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Laxmidhar Patnaik and ors. Vs. Rangabati Bewa and ors. - Court Judgment

LegalCrystal Citation
SubjectTrusts and Societies
CourtOrissa High Court
Decided On
Case NumberFirst Appeal No. 105 of 1963
Judge
Reported inAIR1967Ori90; 33(1967)CLT779
ActsHindu Law
AppellantLaxmidhar Patnaik and ors.
RespondentRangabati Bewa and ors.
Appellant AdvocateD. Mohanty and ;R. Mohanty, Advs.
Respondent AdvocateR. Mohapatra, ;S. Misra and ;P.C. Misra, Advs.
DispositionAppeal partly allowed
Cases ReferredPanchanan v. Lakshmidhar.
Excerpt:
- motor vehicles act, 1988 [c.a. no. 59/1988]section 173(1) proviso; [d. biswas, amitava roy & i.a.ansari, jj] appeal without statutory deposit but within limitation/or extended period of limitation maintainability - held, if the provision of a statute speaks of entertainment of appeal, it denotes that the appeal cannot be admitted to consideration unless other requirements are complied with. the provision of sub-section (1) of section 173 permits filing of an appeal against an award within 90 days with a rider in the first proviso that such appeal filed cannot be entertained unless the statutory deposit is made. the period of limitation is applicable only to the filing of the appeal and not to the deposit to be made. it, therefore, appears that an appeal filed under section 173 cannot..........debuttor and were partible. the moveable properties mentioned in schedule c were claimed as joint family properties.defendants 1 to 4 contested the suit. their case is that schedule b properties are absolute debuttor and not partible and that the suit is liable to be dismissed as the deity is not a party. schedule c properties were claimed as exclusively belonging to defendant-1. defendant-2 was said to be the adopted son of shreedhar.schedule c properties were described in four lots. lot. no. 1 consisted of cows and calves, lot no. 2 utensils, lot no. 3 furniture and lot no. 4 bank deposits.2. the learned trial court recorded the following findings:(i) defendant 2's adoption by shreedhar had not been established. (ii) bank deposits in the name of defendant no. 1 belong to him and are.....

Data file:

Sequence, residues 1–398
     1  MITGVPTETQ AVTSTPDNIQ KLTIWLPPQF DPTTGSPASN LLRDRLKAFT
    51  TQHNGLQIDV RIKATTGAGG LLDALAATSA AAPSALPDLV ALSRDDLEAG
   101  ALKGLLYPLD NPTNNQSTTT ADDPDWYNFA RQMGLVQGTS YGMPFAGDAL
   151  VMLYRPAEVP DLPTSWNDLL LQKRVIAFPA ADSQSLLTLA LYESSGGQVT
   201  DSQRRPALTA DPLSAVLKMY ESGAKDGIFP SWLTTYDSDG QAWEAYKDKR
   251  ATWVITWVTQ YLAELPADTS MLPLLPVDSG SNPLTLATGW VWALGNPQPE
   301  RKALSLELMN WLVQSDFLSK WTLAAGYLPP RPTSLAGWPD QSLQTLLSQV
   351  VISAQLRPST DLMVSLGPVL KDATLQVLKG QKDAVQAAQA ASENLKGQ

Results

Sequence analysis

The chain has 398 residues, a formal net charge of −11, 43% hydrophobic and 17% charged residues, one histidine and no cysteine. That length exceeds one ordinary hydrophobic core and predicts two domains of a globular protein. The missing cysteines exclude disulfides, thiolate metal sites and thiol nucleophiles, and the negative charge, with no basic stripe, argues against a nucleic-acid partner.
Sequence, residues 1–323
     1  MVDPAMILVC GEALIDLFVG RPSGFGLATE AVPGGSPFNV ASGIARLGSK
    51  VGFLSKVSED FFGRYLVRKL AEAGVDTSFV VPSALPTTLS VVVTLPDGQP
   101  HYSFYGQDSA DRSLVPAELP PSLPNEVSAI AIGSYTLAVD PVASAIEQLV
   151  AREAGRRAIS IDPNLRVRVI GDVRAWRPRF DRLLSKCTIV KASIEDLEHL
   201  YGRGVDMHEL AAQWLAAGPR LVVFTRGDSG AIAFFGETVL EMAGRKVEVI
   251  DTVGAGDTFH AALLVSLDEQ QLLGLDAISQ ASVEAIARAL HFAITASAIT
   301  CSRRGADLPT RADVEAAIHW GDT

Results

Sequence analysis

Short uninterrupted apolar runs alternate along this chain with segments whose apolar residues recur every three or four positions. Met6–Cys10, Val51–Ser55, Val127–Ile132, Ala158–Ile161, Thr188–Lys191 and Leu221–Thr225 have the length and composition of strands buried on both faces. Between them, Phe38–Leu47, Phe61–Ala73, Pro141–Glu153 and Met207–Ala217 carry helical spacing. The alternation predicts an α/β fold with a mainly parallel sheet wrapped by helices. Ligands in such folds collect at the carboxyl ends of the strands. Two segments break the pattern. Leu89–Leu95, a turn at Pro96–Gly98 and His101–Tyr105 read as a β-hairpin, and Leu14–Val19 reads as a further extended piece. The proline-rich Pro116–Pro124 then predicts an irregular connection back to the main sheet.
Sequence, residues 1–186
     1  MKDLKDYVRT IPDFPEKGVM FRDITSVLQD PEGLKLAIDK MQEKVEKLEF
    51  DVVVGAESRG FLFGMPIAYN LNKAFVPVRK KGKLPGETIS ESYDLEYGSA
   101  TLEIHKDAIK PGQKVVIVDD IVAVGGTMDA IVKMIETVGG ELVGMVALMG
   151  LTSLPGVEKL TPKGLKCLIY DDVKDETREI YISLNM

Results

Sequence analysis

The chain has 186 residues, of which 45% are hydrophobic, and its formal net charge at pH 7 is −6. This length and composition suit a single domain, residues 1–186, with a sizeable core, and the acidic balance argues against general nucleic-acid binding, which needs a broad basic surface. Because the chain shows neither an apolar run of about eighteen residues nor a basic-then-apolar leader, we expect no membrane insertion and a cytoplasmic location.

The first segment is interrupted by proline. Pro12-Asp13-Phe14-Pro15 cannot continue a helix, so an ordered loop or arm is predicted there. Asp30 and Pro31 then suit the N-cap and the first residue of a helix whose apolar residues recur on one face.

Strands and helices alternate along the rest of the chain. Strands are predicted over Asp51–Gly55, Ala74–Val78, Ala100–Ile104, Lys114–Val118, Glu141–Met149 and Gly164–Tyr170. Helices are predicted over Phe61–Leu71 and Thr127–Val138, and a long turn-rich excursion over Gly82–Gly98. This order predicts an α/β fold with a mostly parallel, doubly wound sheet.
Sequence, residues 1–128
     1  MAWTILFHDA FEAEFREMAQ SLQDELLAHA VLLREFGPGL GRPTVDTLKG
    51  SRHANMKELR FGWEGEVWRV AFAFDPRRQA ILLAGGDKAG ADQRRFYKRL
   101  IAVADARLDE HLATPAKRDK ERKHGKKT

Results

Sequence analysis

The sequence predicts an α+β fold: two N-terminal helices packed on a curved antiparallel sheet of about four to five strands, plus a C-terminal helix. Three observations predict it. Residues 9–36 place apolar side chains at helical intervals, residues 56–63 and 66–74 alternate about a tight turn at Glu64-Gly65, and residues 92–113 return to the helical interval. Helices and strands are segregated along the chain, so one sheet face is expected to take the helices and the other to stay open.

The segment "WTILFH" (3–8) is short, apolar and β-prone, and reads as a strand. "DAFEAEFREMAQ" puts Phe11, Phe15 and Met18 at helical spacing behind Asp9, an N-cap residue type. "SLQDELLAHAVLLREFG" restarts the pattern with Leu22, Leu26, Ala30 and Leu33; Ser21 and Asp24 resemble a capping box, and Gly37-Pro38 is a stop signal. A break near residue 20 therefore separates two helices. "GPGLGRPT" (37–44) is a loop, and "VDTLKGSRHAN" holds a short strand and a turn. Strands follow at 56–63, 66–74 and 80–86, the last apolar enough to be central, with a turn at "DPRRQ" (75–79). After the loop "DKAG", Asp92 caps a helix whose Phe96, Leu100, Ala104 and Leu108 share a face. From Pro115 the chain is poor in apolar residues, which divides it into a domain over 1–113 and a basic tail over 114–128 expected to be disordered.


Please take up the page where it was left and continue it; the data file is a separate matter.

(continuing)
Judgment:

Misra, J.

1. Deceased Ramchandra Patnalk had three sons, Dharanidhar, Shreedhar and Laxmidhar (defendant-1). Dharani died in 1959 leaving behind a son Radhamohan (defendant 5) and a daughter Padmabati (defendant-6). Shreedhar died in 1955 leaving behind his widow Rangabati (plaintiff). Ratnamani (defendant-4) is the wife and Gurucharan (defendant-2) and Datta (defendant-3) are the sons of defendant-1. Plaintiff's suit is for self and as marfatdar of the family deity Shree Paramchandanath Mahadeb. Defendants were sued for themselves and as marfatdars of the same deity. The suit is for partition and for allotment of one-third share in Schedule B and C properties of the plaint. Schedule B properties are immovable properties recorded in the name of the deity. Plaintiff's assertion was that these properties were nominal private debuttor and were partible. The moveable properties mentioned in Schedule C were claimed as joint family properties.

Defendants 1 to 4 contested the suit. Their case is that Schedule B properties are absolute debuttor and not partible and that the suit is liable to be dismissed as the deity is not a party. Schedule C properties were claimed as exclusively belonging to defendant-1. Defendant-2 was said to be the adopted son of Shreedhar.

Schedule C properties were described in four lots. Lot. No. 1 consisted of cows and calves, Lot No. 2 utensils, Lot No. 3 furniture and Lot No. 4 bank deposits.

2. The learned trial court recorded the following findings:

(i) Defendant 2's adoption by Shreedhar had not been established.

(ii) Bank deposits in the name of defendant No. 1 belong to him and are not partible.

(iii) Rest of the properties in Schedule C belonged to the joint family and the plaintiff was entitled to one-third share therein,

(iv) (a) Schedule B properties were absolute debuttor.

(b) Even though the properties are absolute debuttor, the marfatdari rights therein are liable to be partitioned. But the marfatdars would take the properties with the obligation that they would spend the entire income in the interest of the deity. Schedule B properties excepting the temple where the deity has been installed were directed to be partitioned into three equal shares.

(c) The deity is not a necessary party to the suit.

3. Plaintiff did not file any appeal against the finding that the bank deposits in the name of defendant-1 belonged to him. The finding is final was not rightly assailed by Mr. Mohapatra. The finding on adoption is not challenged by Mr. Mohanty. The trial court's finding that defendant-2 is not the adopted son of Shreedhar is accordingly confirmed. The finding that Schedule B properties are absolute debuttor is not assailed by Mr. Mohapatra and is accordingly confirmed.